“Computer artwork of a frontal view of a human brain. In the background a neural network of nerve cells firing. Science Photo Library – PASIEKA/Getty Images
Humans have been claiming to hear the voice of God for eons, but one psychologist’s controversial theory disputes whether we ever heard it at all. Were people mistaking their own internal voices—their very consciousness — for an almighty deity? And if so, how did that shape the evolution of organized religion? And what does hearing the voice of God have to do with cognitive functions, mental memories and a bicameral mind? That’s what Matt Frederick, Ben Bowlin and Noel Brown talk about in this episode of Stuff to Blow Your Mind with guest host Joe McCormick of the podcast Stuff To Blow Your Mind.
Recently popularized by HBO’s "Westworld," the theory of a bicameral mind was written in 1976 by psychologist Julian Jaynes in his book "The Origin of Consciousness in the Breakdown of the Bicameral Mind." He posits that human consciousness is only about 3,000 years old. Before humans mastered language— meaning we understood metaphors, comparisons and differences of perspective — we didn’t have what we recognize today as basic consciousness, or the ability to self-reflect. Instead, Jayne says, thoughts occurred to us and we obeyed the thoughts without question, believing that we were receiving orders from some higher authority.
Jaynes points to Homer’s "Iliad" and "Odyssey" poems as evidence: Characters in the earlier "Iliad" had no introspection, no tendency to ask why; the heroes in the story were told what to do, and simply did it. Later, in the "Odyssey," critical thinking is apparent in the story, with Odysseus and other characters reflecting on their actions and the consequences of doing them.
Jaynes argues that what was really happening was the two hemispheres of the brain communicating. The areas of the brain that deal with processing language reside in the left hemisphere. When the left side of the brain talks to the right side, it presents information as an auditory hallucination, making us think we hear a little voice telling us what to do. Now that we have a higher grasp on consciousness, we understand that that little voice actually belongs to us. But at one time, we thought we were literally hearing commands from on high.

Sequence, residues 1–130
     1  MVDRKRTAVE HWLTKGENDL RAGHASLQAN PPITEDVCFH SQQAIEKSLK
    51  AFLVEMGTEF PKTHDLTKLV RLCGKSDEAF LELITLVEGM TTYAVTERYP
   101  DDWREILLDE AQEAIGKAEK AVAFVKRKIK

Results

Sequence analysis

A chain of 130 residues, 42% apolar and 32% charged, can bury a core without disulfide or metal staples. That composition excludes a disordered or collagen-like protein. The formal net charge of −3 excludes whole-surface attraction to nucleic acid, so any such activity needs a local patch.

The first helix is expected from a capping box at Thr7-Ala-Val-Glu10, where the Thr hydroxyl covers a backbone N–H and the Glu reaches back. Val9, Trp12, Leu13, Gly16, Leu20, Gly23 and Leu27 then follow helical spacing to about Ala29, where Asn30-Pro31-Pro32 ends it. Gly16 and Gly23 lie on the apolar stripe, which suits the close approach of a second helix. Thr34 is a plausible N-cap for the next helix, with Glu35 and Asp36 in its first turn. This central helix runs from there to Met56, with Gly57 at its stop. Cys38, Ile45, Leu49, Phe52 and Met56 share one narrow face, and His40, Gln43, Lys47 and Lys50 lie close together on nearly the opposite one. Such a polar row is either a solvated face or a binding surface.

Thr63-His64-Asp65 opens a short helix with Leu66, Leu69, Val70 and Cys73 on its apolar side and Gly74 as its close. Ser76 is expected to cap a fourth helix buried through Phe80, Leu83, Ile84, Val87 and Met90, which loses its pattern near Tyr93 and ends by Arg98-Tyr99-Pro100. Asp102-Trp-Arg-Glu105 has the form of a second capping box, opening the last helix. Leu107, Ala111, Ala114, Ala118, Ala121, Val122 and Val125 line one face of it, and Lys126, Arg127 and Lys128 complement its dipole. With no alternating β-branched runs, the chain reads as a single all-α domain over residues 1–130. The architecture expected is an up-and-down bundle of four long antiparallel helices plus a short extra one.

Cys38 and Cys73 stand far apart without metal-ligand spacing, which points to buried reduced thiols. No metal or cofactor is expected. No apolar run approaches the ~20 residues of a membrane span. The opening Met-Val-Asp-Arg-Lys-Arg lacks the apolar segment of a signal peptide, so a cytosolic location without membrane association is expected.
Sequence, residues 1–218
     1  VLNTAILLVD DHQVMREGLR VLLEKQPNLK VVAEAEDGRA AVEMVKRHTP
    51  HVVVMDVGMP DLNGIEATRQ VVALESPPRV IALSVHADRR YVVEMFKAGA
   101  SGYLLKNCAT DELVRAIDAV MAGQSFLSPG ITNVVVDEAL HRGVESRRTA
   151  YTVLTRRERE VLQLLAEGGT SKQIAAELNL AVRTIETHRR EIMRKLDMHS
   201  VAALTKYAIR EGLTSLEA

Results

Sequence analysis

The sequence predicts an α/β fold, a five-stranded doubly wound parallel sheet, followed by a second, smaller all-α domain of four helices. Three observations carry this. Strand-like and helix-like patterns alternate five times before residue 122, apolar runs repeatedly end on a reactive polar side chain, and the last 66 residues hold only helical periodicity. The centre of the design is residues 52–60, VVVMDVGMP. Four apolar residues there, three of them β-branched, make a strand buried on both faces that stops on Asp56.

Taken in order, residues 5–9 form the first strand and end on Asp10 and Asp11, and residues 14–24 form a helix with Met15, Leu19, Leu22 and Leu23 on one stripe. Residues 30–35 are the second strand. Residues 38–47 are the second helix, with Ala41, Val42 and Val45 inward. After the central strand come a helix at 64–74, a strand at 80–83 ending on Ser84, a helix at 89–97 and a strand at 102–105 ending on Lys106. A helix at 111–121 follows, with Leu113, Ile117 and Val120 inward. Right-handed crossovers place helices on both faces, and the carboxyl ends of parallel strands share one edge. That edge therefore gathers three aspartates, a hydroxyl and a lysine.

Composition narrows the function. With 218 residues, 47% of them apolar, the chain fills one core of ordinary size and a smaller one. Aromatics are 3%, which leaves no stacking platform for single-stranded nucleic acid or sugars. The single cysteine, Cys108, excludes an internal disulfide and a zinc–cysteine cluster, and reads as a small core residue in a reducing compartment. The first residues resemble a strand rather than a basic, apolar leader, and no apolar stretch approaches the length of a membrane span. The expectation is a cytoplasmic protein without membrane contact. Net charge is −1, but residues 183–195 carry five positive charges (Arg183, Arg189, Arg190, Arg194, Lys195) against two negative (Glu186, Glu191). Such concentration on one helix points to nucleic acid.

Until we knew that these voices weren’t from any gods, we felt abandoned by them. Jaynes feels that this accounts for the rise of organized religions: Humans felt the need for righteous interpreters to speak to and for the gods, since we could no longer do it ourselves.
There’s plenty to debate in this hypothesis; after all, it’s hard to base an entire scientific theory on a couple of old poems by Homer. Some point out that this idea is also ethnocentric, based entirely on the formation of the English language. But many others believe that it was the lightning bolt to understanding human consciousness and how it has changed our species. So is hearing voices the product of the evolution from a bicameral mind, or not? And how does schizophrenia fit into this theory? Hear what Matt, Ben, Noel and Joe think in this fascinating podcast.